When was the last time you considered the health of your company’s third party management program? A good way to test that well-being is to perform a check-up on your third party program. An article entitled “Third Party Essentials: A Reputation/Liability Checkup When Using Third Parties Globally”, provided a manner for the compliance practitioner to test an “organizations health status concerning your relationship to your third parties.” The article provided seven points that you can consider in a self-assessment:

  1. Do you have a list or database of all your third parties and their information? Does your company have a full list of all third parties including such basic information as name, location, type of services provided, contract files and dates, principals of the third party and primary contact, due diligence files and any other information you might need to manage the third party relationship going forward? When was the last time this list was checked or updated?
  2. Have you done a risk assessment of your third parties and prioritized them by level of risk? You need to check and double-check which third party services present the greatest risk to your company by asking some of the following questions: (a) Is the third party’s service critical to your business?; (b) Is the third party’s service performed with little company supervision or oversight?; (c) Does the third party have access to any company funds, resources or assets?; (d) Can the third party fund the company contractually?; and (e) Does the third party obtain any foreign governmental licenses, certifications or other approvals for your company? When was the last time you asked these questions of the Business Sponsor or Relationship Manager.
  3. Do you have a due diligence process for the selection of third parties, based on the risk assessment? You should use the information determined through the risk assessment to “tailor the level of diligence to the level of risk.” Assign a risk profile to categories, such as high, medium and low. The higher the risk, the more due diligence will be required to vet the third party. Do you receive updated due diligence reports on a quarterly, semi-annual or annual basis?
  4. Once the risk categories have been determined, create a written due diligence process. Obviously you need to have a written policy and defined procedures to implement your due diligence policy. However, when was the last time it was reviewed or updated? What happens if you the compliance professional is hit by a bus coming to work? Would a substitute know what to do or would there be a written reference for your replacement? You should consider the following: (a) who is responsible for implementation; (b) list of red flags and how such red flags are to be dealt with and cleared; (c) a procedure to pay for any due diligence performed; (d) reference checks on third parties; (e) procedures for in-person interviews for third parties in a high risk category; (f) conflicts of interest checks, and (g) process for documentation and storage of all of the above information.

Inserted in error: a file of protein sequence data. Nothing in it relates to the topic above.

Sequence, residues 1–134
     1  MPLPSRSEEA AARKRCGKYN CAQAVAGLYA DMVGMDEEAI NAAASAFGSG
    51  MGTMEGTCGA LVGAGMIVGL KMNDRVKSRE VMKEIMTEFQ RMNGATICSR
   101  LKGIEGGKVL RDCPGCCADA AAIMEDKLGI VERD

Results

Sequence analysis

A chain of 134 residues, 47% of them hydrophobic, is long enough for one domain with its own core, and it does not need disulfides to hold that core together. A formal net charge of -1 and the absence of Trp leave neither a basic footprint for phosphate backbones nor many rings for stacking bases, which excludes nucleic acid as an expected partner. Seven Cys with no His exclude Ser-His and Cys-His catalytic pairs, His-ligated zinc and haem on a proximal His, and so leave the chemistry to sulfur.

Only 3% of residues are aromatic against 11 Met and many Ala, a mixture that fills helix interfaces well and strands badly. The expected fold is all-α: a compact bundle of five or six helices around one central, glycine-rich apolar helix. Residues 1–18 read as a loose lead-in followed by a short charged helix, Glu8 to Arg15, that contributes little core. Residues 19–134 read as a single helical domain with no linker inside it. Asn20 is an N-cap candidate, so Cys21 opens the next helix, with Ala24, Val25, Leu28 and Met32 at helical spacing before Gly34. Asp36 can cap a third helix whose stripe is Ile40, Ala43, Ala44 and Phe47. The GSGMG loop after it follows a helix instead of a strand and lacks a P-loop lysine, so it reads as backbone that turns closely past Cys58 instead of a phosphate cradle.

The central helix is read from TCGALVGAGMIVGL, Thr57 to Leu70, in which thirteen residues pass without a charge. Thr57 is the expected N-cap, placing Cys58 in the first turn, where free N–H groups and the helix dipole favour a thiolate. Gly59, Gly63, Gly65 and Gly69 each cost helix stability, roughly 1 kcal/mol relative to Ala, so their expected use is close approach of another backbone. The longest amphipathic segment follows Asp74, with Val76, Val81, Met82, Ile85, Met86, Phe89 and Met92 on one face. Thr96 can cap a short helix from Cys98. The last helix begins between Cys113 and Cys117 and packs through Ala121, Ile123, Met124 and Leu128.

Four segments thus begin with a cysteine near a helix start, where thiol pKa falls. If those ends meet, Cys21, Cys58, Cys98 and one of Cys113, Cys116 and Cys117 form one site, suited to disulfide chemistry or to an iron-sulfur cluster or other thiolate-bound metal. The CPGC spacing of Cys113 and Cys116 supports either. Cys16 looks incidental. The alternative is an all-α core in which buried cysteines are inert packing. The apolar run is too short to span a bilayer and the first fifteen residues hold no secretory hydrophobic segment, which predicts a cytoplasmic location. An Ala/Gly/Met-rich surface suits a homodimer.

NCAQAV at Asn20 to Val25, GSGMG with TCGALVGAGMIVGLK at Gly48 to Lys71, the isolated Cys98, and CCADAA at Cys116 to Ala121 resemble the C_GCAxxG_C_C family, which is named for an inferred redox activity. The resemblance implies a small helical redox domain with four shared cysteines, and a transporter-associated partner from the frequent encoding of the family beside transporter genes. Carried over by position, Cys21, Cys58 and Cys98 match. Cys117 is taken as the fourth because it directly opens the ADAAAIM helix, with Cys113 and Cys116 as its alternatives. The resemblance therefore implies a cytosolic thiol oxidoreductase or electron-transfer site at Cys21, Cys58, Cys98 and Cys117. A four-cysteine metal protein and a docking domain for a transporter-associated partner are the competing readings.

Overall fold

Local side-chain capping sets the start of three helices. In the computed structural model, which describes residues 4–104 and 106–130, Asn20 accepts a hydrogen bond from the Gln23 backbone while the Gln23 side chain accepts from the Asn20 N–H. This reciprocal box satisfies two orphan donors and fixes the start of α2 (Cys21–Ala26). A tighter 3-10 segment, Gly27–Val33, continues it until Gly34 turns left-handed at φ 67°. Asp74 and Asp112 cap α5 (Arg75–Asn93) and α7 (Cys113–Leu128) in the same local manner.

5. Once the third party has been selected based on the due diligence process, do you have a contract with the third party stating all the expectations? When was the last time you considered your compliance terms and conditions or reviewed all of your third party contracts to ascertain if they include compliance terms and conditions: (a) anti-corruption and anti-bribery certification; (b)requirement that the third party maintain accurate books and records and that your company has audit rights; (c) indemnity rights; (d) anti-corruption and anti-bribery training for the third party’s employees; (e) an anonymous reporting mechanism for ethics complaints; (f) require the third party to obtain pre-approval to subcontract out any of its work for your company; (g) require the third party to report any ownership change back to your company, and lastly (h) clear termination rights.
  6. Relationship Managers. Just as your company would never have an employee who is not supervised, your company should not have a third party which does not have company oversight. Do you rotate Relationship Managers? What training has the compliance function provided to them as the company’s point of contact for third parties?
  7. Red flags review. When was the last time you checked on your third parties for any new red flags which may have arisen after the initial due diligence was performed or completed? At what interval do you update or renew your due diligence? How about a change from the company side regarding sales, sales practices, products or services which might become high-risk?

Many companies understand the maxim “Know Your Customer (KYC)”, nevertheless, in today’s global economy this maxim may well need to be expanded to “Know Your Third Party”. The bottom is that that there is no out, no; when it comes to third party risk management and third party compliance efforts. A good place to start is with a third program party checkup.

Three Key Takeaways

  1. What is the health of your third party risk management program?
  2. When was the last time you reviewed and updated your third party database list?
  3. Expand your KYC thinking to Know Your Third Party.

 

This month’s podcast series is sponsored by Opus. Opus helps free your business from the complexity and uncertainty of managing the risks associated with your customers, vendors, and third parties. By combining the most innovative Third-Party Risk Management and Know Your Customer Compliance SaaS platforms with unparalleled data solutions, Opus turns information into action so your business can thrive. Opus solutions include Hiperos 3PM accelerator, the leading platform for third party risk management. To learn more, go to www.opus.com.

 

 

 

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